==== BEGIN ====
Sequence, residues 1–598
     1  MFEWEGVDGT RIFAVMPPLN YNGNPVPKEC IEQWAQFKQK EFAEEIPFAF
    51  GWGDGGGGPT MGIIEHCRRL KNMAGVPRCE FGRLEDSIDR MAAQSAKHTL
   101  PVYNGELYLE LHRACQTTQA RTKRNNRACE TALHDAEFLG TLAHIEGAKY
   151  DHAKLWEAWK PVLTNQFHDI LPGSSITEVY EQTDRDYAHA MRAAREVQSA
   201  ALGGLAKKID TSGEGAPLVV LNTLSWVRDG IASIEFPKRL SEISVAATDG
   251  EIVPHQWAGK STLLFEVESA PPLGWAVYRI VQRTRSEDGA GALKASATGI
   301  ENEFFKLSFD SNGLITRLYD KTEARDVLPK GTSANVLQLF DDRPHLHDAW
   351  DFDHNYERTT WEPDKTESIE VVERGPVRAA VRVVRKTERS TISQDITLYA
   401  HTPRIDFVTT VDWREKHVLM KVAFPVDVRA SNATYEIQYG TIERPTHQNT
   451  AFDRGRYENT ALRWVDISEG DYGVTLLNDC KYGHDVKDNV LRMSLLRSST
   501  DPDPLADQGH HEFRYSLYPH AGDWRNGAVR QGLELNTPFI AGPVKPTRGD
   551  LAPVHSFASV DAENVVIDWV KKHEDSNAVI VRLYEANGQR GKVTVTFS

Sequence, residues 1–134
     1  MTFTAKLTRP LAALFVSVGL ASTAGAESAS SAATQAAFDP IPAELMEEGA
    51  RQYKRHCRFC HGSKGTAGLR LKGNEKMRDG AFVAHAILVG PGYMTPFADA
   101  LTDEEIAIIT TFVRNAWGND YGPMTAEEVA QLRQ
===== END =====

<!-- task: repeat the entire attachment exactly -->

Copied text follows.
Sequence, residues 1–598
     1  MFEWEGVDGT RIFAVMPPLN YNGNPVPKEC IEQWAQFKQK EFAEEIPFAF
    51  GWGDGGGGPT MGIIEHCRRL KNMAGVPRCE FGRLEDSIDR MAAQSAKHTL
   101  PVYNGELYLE LHRACQTTQA RTKRNNRACE TALHDAEFLG TLAHIEGAKY
   151  DHAKLWEAWK PVLTNQFHDI LPGSSITEVY EQTDRDYAHA MRAAREVQSA
   201  ALGGLAKKID TSGEGAPLVV LNTLSWVRDG IASIEFPKRL SEISVAATDG
   251  EIVPHQWAGK STLLFEVESA PPLGWAVYRI VQRTRSEDGA GALKASATGI
   301  ENEFFKLSFD SNGLITRLYD KTEARDVLPK GTSANVLQLF DDRPHLHDAW
   351  DFDHNYERTT WEPDKTESIE VVERGPVRAA VRVVRKTERS TISQDITLYA
   401  HTPRIDFVTT VDWREKHVLM KVAFPVDVRA SNATYEIQYG TIERPTHQNT
   451  AFDRGRYENT ALRWVDISEG DYGVTLLNDC KYGHDVKDNV LRMSLLRSST
   501  DPDPLADQGH HEFRYSLYPH AGDWRNGAVR QGLELNTPFI AGPVKPTRGD
   551  LAPVHSFASV DAENVVIDWV KKHEDSNAVI VRLYEANGQR GKVTVTFS

Sequence, residues 1–134
     1  MTFTAKLTRP LAALFVSVGL ASTAGAESAS SAATQAAFDP IPAELMEEGA
    51  RQYKRHCRFC HGSKGTAGLR LKGNEKMRDG AFVAHAILVG PGYMTPFADA
   101  LTDEEIAIIT TFVRNAWGND YGPMTAEEVA QLRQ